With an introduction by Will Self
A classic work of psychology, this international bestseller provides a groundbreaking insight into the human mind.
If a man has lost a leg or an eye, he knows he has lost a leg or an eye; but if he has lost a self - himself - he cannot know it, because he is no longer there to know it.
In this extraordinary book, Dr. Oliver Sacks recounts the stories of patients struggling to adapt to often bizarre worlds of neurological disorder. Here are people who can no longer recognize everyday objects or those they love; who are stricken with violent tics or shout involuntary obscenities; who have been dismissed as autistic or retarded, yet are gifted with uncanny artistic or mathematical talents. If inconceivably strange, these brilliant tales illuminate what it means to be human.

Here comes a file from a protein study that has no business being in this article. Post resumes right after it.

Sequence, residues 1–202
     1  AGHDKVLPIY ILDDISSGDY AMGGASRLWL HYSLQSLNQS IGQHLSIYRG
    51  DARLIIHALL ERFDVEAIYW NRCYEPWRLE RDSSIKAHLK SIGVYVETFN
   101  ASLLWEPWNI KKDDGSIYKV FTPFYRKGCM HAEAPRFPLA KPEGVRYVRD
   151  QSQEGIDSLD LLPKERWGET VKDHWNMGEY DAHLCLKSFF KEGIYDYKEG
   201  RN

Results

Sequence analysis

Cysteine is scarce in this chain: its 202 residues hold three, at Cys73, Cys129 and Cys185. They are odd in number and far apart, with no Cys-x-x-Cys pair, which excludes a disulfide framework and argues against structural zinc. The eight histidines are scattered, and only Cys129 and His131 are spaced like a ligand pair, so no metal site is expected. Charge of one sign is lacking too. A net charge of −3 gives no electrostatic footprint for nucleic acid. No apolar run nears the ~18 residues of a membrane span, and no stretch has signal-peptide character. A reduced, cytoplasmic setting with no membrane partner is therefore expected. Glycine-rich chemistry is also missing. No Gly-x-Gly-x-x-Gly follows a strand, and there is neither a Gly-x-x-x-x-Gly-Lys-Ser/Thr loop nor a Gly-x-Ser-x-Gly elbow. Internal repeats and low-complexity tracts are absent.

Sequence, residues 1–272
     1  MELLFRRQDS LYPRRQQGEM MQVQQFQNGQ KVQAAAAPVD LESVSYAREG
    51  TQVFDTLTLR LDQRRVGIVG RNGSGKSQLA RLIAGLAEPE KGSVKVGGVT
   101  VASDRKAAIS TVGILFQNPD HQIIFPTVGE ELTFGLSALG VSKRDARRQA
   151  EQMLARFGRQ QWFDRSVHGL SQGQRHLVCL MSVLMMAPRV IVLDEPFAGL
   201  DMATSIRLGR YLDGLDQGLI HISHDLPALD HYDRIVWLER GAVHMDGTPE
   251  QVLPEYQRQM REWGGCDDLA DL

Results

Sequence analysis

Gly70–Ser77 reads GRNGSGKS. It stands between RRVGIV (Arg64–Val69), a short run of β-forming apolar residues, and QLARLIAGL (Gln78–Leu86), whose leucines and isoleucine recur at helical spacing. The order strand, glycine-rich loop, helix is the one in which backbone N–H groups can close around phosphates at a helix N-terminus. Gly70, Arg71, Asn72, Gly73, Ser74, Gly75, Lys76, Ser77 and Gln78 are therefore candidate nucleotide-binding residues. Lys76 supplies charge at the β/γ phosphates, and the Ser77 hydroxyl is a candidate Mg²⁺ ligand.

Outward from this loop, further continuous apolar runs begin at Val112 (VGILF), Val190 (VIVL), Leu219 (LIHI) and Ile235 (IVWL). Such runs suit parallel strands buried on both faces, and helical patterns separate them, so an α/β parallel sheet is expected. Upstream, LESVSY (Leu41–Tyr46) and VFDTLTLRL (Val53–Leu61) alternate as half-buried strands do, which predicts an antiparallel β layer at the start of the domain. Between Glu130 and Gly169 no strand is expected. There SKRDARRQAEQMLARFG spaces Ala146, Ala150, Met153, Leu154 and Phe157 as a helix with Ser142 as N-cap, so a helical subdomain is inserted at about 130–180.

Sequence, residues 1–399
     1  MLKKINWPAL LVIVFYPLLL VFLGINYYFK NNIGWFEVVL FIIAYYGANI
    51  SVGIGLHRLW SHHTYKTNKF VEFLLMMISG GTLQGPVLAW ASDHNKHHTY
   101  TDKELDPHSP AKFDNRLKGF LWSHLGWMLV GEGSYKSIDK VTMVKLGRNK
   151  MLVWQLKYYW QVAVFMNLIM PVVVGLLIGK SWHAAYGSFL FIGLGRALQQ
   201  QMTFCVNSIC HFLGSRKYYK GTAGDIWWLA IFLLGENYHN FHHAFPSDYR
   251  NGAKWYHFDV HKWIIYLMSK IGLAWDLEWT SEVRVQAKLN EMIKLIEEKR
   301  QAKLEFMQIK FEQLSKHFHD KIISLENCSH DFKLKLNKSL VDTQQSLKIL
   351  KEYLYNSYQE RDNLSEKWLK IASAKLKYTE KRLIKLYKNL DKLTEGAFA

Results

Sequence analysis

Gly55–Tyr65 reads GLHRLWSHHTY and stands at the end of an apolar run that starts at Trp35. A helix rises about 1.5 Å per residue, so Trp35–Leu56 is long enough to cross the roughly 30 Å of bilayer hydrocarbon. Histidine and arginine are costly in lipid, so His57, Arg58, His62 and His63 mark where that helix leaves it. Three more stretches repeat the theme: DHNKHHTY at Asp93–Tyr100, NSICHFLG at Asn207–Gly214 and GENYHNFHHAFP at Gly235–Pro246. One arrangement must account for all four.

A provocative exploration of the mysteries of the human mind, The Man Who Mistook His Wife for a Hat is a million-copy bestseller by the twentieth century's greatest neurologist.
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Oliver Sacks (Author)
Oliver Sacks was born in 1933 in London and was educated at Queen's College, Oxford. He completed his medical training at San Francisco's Mount Zion Hospital and at UCLA before moving to New York, where he soon encountered the patients whom he wou...